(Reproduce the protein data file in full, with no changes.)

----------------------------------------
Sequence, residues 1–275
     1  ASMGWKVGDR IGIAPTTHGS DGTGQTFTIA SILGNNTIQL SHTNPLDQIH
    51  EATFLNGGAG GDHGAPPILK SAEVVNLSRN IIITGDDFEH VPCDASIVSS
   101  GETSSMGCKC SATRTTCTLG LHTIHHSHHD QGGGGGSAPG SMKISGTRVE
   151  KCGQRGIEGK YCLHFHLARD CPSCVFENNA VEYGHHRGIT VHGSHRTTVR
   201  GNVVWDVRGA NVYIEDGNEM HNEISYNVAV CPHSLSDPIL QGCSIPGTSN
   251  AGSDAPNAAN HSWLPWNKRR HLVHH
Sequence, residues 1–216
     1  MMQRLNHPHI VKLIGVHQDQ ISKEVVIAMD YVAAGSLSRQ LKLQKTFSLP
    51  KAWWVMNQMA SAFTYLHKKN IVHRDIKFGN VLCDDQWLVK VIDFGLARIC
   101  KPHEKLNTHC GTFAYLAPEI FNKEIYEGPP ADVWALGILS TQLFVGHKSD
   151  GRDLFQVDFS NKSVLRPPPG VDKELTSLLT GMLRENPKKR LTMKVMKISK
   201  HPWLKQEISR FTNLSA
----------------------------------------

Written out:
Sequence, residues 1–275
     1  ASMGWKVGDR IGIAPTTHGS DGTGQTFTIA SILGNNTIQL SHTNPLDQIH
    51  EATFLNGGAG GDHGAPPILK SAEVVNLSRN IIITGDDFEH VPCDASIVSS
   101  GETSSMGCKC SATRTTCTLG LHTIHHSHHD QGGGGGSAPG SMKISGTRVE
   151  KCGQRGIEGK YCLHFHLARD CPSCVFENNA VEYGHHRGIT VHGSHRTTVR
   201  GNVVWDVRGA NVYIEDGNEM HNEISYNVAV CPHSLSDPIL QGCSIPGTSN
   251  AGSDAPNAAN HSWLPWNKRR HLVHH
Sequence, residues 1–216
     1  MMQRLNHPHI VKLIGVHQDQ ISKEVVIAMD YVAAGSLSRQ LKLQKTFSLP
    51  KAWWVMNQMA SAFTYLHKKN IVHRDIKFGN VLCDDQWLVK VIDFGLARIC
   101  KPHEKLNTHC GTFAYLAPEI FNKEIYEGPP ADVWALGILS TQLFVGHKSD
   151  GRDLFQVDFS NKSVLRPPPG VDKELTSLLT GMLRENPKKR LTMKVMKISK
   201  HPWLKQEISR FTNLSA